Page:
Sunday was a perfect day to take a walk in the woods. Adelaide de Menil and I went to the South Fork-Shelter Island Nature Conservancy’s Sagg Swamp Preserve. Adelaide had never been there, I had not been since 1995 when I led a walk for the Conservancy.
In 1977 Rene Eastin, a geologist teaching at Southampton College, and I were given a small grant to study the preserve and write a master plan for it, which I believe was the first for a Nature Conservancy preserve on Long Island. That was Russell Hoeflich’s entryway into the Nature Conservancy; he was a student at the college and was hired to work on the study and plan. From there he went on to become the first director of the local Conservancy, later, the head of Oregon’s Nature Conservancy, a position he still holds today.Harbor and Sagaponack, we thought.
This was the longest string of blackbirds I had ever witnessed. It took fully a half-hour before the last laggard had passed. There must have been several thousand of them, all told. The waves came from slightly different directions, some from the south-southwest, some from the south, others from the south-southeast, as if they had left their separate feeding fields north of the ocean but were converging into one massive flock to overnight together.
Adelaide hears higher-pitched notes than I do. She heard the frail peeps of the spring peepers about to descend into their winter quarters. The only other sounds heard during our walk were those produced by a Long Island Rail Road engine stopping and starting up and a helicopter passing to the south.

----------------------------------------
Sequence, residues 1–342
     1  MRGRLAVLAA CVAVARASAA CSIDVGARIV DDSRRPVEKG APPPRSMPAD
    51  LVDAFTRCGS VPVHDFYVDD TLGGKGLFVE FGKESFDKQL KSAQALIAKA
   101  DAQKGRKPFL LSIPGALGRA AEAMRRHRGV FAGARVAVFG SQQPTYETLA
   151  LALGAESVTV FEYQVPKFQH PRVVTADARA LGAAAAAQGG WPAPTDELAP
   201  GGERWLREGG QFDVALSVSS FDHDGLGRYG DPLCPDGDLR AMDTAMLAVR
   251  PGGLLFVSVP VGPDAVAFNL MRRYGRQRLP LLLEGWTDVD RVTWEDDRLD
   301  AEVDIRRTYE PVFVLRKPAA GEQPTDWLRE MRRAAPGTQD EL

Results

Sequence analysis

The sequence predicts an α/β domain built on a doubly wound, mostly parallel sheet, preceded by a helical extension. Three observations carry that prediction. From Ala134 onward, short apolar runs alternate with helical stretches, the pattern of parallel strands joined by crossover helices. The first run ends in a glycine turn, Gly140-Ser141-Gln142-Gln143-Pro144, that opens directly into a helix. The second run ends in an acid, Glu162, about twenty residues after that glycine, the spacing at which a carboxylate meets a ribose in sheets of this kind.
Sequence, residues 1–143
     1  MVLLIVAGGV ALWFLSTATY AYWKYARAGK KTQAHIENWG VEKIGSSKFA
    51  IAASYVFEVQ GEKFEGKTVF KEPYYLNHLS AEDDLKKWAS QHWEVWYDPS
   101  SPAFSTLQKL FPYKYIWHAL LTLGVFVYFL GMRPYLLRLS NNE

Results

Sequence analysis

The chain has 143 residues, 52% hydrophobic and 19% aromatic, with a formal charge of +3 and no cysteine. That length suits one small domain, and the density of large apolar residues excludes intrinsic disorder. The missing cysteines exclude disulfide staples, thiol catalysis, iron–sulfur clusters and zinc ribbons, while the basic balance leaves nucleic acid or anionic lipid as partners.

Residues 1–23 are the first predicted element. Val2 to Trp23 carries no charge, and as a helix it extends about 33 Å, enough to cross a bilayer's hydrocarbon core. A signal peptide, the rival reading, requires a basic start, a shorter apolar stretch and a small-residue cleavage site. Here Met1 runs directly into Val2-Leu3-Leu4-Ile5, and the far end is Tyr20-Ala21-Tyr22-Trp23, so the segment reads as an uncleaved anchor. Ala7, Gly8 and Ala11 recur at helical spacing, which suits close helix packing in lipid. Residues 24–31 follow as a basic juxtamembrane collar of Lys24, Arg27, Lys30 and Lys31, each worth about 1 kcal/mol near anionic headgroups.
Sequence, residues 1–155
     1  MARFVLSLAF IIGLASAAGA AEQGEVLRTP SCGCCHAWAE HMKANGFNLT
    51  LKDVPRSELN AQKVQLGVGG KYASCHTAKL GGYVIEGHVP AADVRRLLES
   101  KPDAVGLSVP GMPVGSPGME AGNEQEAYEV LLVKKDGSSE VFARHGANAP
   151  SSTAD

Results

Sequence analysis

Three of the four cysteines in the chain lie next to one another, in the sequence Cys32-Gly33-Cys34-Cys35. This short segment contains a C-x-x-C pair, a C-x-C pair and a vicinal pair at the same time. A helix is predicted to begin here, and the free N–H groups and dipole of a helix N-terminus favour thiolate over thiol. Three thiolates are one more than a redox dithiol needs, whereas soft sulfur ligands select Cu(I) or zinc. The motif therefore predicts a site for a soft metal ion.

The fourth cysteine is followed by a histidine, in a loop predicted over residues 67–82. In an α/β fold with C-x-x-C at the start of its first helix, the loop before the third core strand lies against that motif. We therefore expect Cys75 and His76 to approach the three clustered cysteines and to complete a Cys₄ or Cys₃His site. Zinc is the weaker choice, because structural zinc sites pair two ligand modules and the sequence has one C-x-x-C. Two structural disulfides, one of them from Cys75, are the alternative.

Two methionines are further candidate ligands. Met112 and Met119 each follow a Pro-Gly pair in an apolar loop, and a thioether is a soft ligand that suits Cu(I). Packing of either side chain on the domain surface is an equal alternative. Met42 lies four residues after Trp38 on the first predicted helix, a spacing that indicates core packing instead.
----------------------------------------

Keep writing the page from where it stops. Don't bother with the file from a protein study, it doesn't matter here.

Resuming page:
We walked north toward Jeremy’s Hole, a small body of swampy water where wild ducks breed in the spring and spend their nights in the fall and winter. A very nicely constructed walkway skimming over the top had recently been repaired by a Nature Conservancy work crew headed by Paul D’Andrea, I was told by Marilyn Lindberg and her son, who came by on a different trail. Otherwise we would have had very wet feet.
Phragmites, that dreaded reed from Eurasia, had been making its way eastward and had already penetrated well into the swamp parts of the preserve. More annoying, however, was the amount of black swallow-wort encountered. This viny invasive, a member of the milkweed family, hails from southern Europe and is a newcomer to the South Fork. Victoria Bustamante recently found it ranging as far east as Montauk. It spreads very rapidly, like mile-a-minute-weed, another invasive new to the area. It could easily take over most of the preserve in a few years.
Water was flowing out over the weir at the foot of Jeremy’s Hole, the same sturdily constructed wooden weir that I had encountered in 1977. Jeremy’s Hole is one of the few places left on Long Island east of the Shinnecock Canal where alewives still breed. They come into Sagaponack Pond from the Atlantic Ocean when there is an opening, swim north under two bridges, enter Sagg Stream, and run up a quarter-mile or more to breed in Jeremy’s Hole. Not one was to be seen: They and their offspring were probably well back into the depths of the ocean by now.